Valuing a business based on assets and financial performance is a well-understood process, but every investor knows that true value goes far beyond these parameters, either high or low. The key elements of leadership in a company, both personal and organizational, are less tangible but are very important in determining market value for investment, acquisition or going public.
In the investment community, these leadership elements are often referred to as “goodwill”. For an early-stage startup, the goodwill component can easily exceed the size of all financial elements together, or mark a company with good financial standing as not investable.
In his classic book, “The Leadership Capital Index,” best-selling author, business consultant and business school professor Dave Ulrich offers some real insights and metrics for creating the elements of goodwill in the minds of top valuation experts. , I have summed up his key points here as follows:
Leader personal influence. For startups, the entrepreneur and founder are almost always the face of the company. Investors, partners, team members and customers value or devalue a startup indirectly based on the leader’s physical presence, emotional identity, social skills, intellectual agility, ethical values and past performance in the domain. tactical efficiency. These same constituents are looking for leaders who can build the future – focus forward rather than backward, look around, can turn their vision into committed action, and help bring the future into the present. All are able to engage the right people. performance leadership. Everyone wants a leader who gets the job done and delivers on commitments. Leaders are judged on key elements of execution, including focusing on priorities, ensuring clear accountability, managing decision-making, mobilizing others, adapting quickly, and communicating the urgency of execution. People focus on relationships. No leader can work alone, so investors place great importance on leaders who take care of their people. Positive people management elements include good communication skills, building strong teams, making time for coaching, strong people relationships, and facilitating growth and succession. Leading Brand Development. Each business and brand has unique requirements to fit its market environment. Leaders are assessed for their ability to fit into the brand community, adopt essential values, maintain the right strategic priorities, and deal with the current organization stage.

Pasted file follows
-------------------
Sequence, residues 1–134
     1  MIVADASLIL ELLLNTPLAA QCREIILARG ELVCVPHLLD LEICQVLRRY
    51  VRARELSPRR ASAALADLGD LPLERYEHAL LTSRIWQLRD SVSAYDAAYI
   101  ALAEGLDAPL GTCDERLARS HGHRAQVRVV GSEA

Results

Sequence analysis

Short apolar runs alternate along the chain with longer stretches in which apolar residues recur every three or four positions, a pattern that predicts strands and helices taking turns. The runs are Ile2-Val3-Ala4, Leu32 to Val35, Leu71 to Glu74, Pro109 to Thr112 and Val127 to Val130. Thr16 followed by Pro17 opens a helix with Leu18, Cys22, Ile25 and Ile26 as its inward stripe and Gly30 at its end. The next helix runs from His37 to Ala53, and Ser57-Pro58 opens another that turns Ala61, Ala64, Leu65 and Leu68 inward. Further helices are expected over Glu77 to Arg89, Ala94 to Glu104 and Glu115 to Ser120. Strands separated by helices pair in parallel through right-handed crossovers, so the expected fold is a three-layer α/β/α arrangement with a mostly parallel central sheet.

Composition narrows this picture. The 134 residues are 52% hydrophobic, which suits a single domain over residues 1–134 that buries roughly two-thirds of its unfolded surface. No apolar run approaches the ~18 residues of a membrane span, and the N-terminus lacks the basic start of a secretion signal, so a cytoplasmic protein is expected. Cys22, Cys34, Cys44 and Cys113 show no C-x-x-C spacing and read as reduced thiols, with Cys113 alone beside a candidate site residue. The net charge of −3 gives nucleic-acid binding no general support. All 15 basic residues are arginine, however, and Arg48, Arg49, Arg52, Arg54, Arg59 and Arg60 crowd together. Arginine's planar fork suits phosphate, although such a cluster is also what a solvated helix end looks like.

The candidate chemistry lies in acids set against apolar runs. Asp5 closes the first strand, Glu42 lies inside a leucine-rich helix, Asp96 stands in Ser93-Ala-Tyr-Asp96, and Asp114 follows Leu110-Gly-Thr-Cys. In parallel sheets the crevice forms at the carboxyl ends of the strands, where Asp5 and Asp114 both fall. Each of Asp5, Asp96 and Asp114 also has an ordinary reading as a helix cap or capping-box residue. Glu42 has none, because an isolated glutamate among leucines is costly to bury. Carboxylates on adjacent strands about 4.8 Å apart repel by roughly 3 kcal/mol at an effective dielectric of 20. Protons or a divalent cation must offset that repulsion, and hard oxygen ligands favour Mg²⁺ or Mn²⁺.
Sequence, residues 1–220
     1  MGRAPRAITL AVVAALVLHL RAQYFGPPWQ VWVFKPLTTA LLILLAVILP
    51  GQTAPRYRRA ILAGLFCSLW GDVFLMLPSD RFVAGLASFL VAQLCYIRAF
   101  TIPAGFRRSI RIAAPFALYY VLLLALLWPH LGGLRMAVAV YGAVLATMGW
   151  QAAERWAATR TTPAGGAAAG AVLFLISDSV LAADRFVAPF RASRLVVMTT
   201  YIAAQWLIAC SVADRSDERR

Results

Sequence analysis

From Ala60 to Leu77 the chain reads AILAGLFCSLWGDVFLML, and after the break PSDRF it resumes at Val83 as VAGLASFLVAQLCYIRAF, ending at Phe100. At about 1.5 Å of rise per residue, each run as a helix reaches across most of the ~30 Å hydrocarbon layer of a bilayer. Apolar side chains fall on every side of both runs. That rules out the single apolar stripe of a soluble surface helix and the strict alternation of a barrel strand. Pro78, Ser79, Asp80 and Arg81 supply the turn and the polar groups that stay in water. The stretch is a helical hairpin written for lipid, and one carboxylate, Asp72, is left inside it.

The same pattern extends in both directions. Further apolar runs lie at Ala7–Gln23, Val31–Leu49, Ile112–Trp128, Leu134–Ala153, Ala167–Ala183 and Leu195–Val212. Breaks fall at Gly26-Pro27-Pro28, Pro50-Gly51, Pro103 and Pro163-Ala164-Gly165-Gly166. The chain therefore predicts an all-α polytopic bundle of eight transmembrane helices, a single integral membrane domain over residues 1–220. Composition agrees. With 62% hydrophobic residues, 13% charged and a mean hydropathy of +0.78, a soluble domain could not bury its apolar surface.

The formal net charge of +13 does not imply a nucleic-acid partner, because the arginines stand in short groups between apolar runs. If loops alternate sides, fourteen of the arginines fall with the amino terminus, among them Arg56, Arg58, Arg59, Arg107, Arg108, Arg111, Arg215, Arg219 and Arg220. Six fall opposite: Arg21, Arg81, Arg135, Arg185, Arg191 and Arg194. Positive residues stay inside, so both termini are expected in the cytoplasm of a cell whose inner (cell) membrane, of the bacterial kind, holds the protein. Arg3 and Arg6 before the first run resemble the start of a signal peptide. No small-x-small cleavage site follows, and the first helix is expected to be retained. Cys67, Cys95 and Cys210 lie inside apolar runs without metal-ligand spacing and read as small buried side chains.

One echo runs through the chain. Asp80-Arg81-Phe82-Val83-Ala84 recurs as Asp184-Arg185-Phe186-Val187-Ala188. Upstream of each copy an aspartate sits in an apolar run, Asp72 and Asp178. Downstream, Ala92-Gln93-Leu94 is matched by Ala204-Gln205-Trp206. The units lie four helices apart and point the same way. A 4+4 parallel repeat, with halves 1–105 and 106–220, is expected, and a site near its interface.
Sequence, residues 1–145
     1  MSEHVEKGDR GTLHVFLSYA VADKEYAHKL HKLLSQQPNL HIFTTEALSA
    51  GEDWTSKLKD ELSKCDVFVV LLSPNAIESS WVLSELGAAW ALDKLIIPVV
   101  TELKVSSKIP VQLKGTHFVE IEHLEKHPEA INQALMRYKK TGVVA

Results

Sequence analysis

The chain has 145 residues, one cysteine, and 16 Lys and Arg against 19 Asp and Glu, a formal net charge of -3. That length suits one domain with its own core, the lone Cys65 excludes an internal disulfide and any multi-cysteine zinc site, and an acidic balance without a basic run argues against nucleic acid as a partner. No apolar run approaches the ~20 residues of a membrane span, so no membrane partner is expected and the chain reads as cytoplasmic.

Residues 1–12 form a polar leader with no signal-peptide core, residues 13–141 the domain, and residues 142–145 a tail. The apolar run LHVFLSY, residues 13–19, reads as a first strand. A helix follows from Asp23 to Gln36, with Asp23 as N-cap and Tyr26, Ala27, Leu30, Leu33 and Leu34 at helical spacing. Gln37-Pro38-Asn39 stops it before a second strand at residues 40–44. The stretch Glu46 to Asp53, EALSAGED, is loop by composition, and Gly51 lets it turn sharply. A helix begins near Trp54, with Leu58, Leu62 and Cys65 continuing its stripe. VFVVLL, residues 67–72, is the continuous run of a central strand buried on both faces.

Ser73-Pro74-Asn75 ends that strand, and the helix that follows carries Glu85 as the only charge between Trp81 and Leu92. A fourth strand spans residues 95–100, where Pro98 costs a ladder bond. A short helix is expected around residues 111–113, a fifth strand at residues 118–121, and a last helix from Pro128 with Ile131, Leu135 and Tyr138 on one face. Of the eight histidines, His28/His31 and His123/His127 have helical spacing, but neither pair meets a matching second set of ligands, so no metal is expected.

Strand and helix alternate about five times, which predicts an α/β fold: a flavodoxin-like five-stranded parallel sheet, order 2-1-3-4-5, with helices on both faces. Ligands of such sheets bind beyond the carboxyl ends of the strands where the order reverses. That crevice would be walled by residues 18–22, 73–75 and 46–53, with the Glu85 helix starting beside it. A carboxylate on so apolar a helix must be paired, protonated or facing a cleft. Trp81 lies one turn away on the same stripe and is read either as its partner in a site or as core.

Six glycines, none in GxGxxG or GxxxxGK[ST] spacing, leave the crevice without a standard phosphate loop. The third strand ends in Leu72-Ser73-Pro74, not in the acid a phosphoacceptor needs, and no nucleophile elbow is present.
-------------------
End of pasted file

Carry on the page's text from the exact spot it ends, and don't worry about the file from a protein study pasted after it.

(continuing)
In addition to proper goodwill by a great leader and an excellent team, investors will also use their due diligence process to assess the organizational structure and effectiveness. The main parameters of this evaluation will always include:
The power of business culture. Research has confirmed that culture is a primary driver for financial performance, customer experience, and team productivity. Companies are valued based on their ability to create and align their people with the desired culture and their ability to communicate that culture to customers, suppliers and partners. Focus on talent and people development. Investors want organizations that manage people’s talent and development through good recruitment, performance feedback, on-the-job growth and commitment building. They seek the use of talent analysis, such as productivity per employee, as well as attitudes and attitudes toward employee satisfaction. performance accountability procedures. Good performance management is more about rewarding desirable behavior than punishing poor performance. There should be processes in place to clearly define standards, differentiate performance, link results, award rewards for accountability, and provide regular follow-up. Modern information management tools. Power and the ability to influence others come from knowledge. Having information is much more than just having access to data; This requires knowing how to synthesize, interpret and function. Organizations are valued by how well they leverage the best technology, and turn information into action. Stable and friendly work environment. The most valuable organizations are able to take control of their work environment through innovation to cope with the ever-increasing pace of change in culture and market. This means adapting to social trends, new technologies, economic conditions, regulatory requirements and worker demographics.
Investing in strong leaders, including entrepreneurs like Steve Jobs or corporate icons like Jack Welch, has long been recognized as the key to low risk, and high valuations on the seller’s side. This is one of the best reasons every business owner I know ups their game on leadership and organizational excellence. How much fame can you and your company achieve today?